Martin Shkreli is one of the most talked about men in America right now. In his recent appearance before a congressional committee, Shrekli pleaded the fifth when asked questions about highly increased drug prices.
Christopher Corso, founder of Corso Law Group weighed in on the national controversy and if Martin Shkreli had the right to plead the Fifth in such a serious case.
Does the Fifth Amendment even apply in this situation?
The Fifth Amendment to the Constitution protects citizens from self-incrimination, stating that no person “shall be compelled in any criminal case to be a witness against himself.” As Shrkeli’s hearing was not a matter of criminal inquiry, was his taking the Fifth an appropriate response?
“[The Fifth Amendment] covers any statement that would tend to give rise to criminal liability on the speaker’s part,” says criminal defense lawyer Christopher Corso, founder of Corso Law Group. “Mr. Shkreli fully had the right to plead the Fifth.” The hearing was more about the ethical than the criminal implications of Shkreli’s actions, but Corso says it comes down to who’s making the determination about what was and was not legal.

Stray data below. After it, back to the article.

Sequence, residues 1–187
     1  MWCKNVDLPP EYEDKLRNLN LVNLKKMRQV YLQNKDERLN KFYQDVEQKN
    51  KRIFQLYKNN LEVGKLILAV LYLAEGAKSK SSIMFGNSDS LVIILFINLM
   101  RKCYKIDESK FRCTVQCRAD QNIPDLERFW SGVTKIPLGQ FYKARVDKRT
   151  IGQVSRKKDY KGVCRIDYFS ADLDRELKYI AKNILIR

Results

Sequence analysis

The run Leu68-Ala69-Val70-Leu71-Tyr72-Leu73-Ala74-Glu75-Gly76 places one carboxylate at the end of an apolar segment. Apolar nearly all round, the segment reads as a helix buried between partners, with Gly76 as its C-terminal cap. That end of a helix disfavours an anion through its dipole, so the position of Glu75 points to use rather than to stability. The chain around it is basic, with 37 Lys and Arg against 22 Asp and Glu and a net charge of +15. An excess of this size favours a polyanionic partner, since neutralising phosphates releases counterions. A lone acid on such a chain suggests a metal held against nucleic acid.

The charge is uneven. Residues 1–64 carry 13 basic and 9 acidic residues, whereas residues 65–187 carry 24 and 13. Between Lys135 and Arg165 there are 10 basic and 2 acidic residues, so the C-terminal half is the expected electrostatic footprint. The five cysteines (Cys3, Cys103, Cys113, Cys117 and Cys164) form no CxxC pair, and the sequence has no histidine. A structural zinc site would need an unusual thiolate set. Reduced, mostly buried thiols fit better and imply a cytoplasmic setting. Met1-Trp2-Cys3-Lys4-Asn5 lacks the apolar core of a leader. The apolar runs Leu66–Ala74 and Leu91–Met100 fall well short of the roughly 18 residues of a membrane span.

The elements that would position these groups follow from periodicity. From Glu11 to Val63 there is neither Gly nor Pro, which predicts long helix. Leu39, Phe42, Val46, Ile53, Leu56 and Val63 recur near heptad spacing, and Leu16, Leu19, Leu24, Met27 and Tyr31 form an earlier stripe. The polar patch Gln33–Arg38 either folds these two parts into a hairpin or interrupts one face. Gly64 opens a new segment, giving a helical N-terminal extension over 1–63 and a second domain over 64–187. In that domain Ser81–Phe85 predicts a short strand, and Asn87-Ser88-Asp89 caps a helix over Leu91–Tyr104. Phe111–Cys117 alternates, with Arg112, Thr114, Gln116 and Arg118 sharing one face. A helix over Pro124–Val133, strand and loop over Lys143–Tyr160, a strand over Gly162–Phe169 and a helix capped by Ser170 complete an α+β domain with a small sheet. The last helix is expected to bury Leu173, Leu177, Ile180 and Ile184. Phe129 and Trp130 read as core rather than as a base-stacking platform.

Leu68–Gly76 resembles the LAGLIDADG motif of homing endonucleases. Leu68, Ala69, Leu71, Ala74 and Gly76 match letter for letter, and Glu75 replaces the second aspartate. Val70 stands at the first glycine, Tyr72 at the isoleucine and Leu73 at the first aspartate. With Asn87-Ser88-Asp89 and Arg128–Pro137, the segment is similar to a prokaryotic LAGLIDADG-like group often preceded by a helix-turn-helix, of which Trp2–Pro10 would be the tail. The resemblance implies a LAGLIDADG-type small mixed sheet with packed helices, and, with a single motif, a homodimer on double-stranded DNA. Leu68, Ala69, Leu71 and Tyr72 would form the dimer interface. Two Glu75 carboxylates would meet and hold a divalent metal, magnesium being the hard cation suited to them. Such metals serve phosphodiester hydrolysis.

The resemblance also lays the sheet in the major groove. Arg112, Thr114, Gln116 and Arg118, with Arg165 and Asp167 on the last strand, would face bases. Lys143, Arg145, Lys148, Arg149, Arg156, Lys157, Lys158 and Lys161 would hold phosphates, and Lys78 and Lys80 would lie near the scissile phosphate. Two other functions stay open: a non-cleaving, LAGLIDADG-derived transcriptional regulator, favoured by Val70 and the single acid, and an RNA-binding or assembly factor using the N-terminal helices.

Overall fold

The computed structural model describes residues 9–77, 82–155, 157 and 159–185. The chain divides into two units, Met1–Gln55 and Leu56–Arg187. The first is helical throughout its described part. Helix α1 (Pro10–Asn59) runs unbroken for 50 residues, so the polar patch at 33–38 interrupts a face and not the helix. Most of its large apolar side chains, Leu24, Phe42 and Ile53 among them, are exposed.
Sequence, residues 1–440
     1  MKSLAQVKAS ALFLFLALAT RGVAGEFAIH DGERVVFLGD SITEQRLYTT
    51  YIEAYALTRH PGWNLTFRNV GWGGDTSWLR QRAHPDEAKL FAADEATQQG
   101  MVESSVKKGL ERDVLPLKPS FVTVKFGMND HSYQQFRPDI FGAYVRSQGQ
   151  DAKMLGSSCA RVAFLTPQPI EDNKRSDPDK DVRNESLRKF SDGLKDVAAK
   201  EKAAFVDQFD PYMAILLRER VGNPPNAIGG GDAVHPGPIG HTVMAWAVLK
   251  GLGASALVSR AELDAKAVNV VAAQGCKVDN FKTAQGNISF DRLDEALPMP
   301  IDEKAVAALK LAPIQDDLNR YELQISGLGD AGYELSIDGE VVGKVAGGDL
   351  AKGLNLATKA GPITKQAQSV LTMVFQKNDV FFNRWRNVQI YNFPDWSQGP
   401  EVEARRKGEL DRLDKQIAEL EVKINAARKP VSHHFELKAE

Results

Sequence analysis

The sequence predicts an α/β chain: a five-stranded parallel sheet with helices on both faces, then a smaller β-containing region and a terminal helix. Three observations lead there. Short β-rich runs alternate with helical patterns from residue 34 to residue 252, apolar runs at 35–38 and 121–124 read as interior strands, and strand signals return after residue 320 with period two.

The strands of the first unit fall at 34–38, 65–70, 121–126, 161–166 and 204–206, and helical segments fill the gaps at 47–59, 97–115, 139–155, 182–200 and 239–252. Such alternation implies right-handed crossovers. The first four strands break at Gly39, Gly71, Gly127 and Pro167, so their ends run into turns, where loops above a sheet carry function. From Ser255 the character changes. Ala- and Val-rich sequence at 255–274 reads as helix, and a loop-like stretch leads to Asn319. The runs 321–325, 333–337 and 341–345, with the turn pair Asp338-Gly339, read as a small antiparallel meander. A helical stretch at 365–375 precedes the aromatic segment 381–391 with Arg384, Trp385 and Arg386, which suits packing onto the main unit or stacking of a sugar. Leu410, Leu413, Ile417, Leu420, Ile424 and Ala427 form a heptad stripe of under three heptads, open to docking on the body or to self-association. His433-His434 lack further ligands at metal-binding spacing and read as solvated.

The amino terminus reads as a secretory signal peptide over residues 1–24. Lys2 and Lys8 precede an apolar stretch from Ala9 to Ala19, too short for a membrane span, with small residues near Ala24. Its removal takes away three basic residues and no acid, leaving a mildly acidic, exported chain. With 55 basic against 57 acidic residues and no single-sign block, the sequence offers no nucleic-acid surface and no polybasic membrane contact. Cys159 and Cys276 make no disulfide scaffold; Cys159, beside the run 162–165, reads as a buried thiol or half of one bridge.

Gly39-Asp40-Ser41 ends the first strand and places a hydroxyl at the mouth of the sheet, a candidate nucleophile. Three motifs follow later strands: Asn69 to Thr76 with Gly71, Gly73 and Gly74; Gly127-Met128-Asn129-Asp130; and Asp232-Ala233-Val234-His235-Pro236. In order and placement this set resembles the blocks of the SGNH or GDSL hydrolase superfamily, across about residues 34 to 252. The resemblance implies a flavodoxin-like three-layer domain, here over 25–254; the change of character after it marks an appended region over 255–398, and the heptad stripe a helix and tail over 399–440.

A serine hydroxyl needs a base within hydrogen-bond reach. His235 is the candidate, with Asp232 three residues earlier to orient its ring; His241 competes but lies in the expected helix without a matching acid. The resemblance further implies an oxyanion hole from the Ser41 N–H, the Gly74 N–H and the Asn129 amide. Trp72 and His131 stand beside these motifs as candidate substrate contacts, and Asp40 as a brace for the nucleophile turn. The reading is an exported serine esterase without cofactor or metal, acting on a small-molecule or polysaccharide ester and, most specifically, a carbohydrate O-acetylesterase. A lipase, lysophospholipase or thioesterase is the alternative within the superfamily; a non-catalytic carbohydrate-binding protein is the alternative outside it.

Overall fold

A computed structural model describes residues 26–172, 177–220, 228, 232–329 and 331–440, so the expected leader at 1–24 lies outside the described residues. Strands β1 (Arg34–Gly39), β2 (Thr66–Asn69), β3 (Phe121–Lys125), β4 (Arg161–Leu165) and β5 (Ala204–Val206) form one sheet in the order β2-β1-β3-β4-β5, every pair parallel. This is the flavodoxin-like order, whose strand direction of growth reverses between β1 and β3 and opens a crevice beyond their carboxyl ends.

“Until you’re with attorneys, you may be [unwittingly] adding information,” cautions Corso, “Answers that may perhaps—even in a miniscule way—open yourself up to criminal liability is a problem. Therefore, he is able to plead the Fifth.”
Did Congress intentionally try to make Shkreli look bad?
Bottom line: No matter what you think of Shkreli, he was not improperly invoking his constitutional rights. “As somebody that advocates for the constitution,” says Corso, “I would say no, the 5th Amendment was not abused.”
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